The United States already has the highest per capita waste generation in the world: 860 pounds a year. We cannot allow that number to grow until we run out of landfill space. Instead, we must move toward ideas like waste reduction, incineration, and recycling to keep the country from being buried under a mound of trash.
Planners are seeing their role in solid waste management increase. This ...
About the Authors
Table of Contents
About the authors
1. A waste management crisis
A historical search for solutions • The rise and eclipse of incineration • The three Rs • Differing strategies • Notes
2. Knowing your community's wastes: What they are, where they are going, and what can be done about them
Looking into the waste stream • Liners, leachate, and other landfill issues • The incineration option • Recycling strategies • Outside the waste stream: Advantages and constraints on reuse • Reducing at the source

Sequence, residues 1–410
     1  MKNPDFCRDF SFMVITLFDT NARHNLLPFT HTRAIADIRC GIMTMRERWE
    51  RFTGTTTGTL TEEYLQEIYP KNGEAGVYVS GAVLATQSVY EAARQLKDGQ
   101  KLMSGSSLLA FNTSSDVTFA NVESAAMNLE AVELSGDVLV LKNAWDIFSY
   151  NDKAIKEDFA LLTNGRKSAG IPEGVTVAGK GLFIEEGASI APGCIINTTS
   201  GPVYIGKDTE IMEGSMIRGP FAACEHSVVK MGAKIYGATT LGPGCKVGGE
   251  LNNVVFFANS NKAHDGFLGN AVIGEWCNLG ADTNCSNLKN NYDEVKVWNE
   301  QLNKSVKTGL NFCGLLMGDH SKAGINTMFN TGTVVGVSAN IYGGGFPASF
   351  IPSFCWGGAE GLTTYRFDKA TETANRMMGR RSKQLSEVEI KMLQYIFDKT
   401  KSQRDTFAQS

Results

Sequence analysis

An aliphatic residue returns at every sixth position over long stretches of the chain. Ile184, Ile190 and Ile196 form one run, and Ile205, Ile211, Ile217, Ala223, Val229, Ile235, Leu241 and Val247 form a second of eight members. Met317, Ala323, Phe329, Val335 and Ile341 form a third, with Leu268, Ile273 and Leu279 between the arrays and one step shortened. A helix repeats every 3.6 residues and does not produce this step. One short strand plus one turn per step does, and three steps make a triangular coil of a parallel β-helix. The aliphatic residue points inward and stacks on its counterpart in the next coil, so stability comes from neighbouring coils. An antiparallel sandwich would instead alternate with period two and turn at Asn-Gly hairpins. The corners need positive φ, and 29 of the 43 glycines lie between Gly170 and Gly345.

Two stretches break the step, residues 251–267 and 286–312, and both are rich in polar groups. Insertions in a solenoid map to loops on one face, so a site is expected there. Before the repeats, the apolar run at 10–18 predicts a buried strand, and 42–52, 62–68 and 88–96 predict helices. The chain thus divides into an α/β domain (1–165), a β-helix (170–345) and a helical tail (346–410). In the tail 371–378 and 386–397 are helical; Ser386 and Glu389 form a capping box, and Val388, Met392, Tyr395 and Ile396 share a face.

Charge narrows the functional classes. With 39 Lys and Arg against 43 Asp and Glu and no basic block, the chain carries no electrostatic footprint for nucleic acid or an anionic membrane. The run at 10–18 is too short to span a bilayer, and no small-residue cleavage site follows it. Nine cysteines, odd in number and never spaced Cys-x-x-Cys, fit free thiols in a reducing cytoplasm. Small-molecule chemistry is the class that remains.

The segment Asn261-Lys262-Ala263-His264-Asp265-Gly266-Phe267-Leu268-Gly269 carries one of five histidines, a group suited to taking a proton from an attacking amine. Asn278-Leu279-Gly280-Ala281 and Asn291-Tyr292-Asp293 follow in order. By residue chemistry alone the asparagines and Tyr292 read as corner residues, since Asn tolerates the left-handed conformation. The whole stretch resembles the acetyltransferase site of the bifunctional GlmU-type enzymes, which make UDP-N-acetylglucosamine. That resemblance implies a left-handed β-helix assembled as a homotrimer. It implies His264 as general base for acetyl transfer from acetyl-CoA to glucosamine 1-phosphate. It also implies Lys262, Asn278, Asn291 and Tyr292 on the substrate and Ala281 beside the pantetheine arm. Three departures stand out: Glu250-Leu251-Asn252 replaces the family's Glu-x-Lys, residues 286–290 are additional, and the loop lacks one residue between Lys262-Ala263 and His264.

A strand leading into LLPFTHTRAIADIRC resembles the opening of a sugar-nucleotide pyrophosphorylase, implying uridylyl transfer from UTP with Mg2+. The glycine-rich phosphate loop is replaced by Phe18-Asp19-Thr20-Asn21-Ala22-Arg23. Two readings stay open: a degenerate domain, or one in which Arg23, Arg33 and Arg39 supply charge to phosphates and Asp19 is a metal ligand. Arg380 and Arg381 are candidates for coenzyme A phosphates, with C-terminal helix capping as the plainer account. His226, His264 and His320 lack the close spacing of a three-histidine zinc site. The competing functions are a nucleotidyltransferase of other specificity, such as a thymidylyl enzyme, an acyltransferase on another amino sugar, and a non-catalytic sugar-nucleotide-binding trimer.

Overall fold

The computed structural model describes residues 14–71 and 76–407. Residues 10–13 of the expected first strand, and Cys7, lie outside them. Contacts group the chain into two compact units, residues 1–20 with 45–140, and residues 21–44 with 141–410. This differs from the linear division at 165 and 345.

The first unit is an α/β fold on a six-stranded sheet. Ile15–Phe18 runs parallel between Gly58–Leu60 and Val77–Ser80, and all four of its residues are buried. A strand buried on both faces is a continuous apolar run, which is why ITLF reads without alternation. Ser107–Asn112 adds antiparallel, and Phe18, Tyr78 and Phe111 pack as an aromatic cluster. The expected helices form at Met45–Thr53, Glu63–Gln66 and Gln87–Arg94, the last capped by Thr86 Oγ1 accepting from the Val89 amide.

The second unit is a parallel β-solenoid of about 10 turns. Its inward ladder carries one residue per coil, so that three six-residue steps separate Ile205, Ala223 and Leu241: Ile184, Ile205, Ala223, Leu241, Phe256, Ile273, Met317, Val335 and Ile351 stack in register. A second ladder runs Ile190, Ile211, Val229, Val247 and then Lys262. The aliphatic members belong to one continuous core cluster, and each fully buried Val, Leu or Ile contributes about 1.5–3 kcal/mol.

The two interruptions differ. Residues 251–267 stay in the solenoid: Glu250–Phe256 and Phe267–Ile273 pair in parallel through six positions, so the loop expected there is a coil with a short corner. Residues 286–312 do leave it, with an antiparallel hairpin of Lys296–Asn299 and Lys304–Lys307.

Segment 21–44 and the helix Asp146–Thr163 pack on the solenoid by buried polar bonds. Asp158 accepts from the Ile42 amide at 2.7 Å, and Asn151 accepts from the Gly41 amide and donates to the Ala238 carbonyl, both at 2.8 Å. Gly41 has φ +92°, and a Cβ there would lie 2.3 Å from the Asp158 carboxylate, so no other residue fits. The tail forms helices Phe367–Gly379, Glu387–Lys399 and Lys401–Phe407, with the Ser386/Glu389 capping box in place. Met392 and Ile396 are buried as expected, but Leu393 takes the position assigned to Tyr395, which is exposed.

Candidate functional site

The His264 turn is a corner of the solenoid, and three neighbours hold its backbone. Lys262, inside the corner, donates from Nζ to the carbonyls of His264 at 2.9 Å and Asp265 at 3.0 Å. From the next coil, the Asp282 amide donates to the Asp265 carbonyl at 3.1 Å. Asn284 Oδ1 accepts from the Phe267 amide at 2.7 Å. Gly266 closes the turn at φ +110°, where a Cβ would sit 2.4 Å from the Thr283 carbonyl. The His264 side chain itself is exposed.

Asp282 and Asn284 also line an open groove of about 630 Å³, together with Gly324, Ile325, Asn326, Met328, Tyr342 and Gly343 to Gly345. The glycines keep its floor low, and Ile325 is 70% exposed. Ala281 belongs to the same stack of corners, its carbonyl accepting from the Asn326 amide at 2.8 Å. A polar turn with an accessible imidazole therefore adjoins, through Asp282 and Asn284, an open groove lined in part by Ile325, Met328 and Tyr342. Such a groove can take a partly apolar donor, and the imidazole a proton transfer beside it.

3. Solid waste legislation: Source reduction, recycling, and facility siting processes
Source reduction legislation • Recycling legislation • Siting solid waste facilities • Conclusion • Notes
4. Worth praising: Examples of good local solid waste management
Seattle-- From bad to good solid waste management • Perkasie, Pennsylvania-- Garbage by the bag • Queen Village (Philadelphia)-- Block corner recycling • North Hempstead, New York-- Comprehensive recycling, not incineration
Appendix. Policy implementation principles of the American Planning Association on solid waste management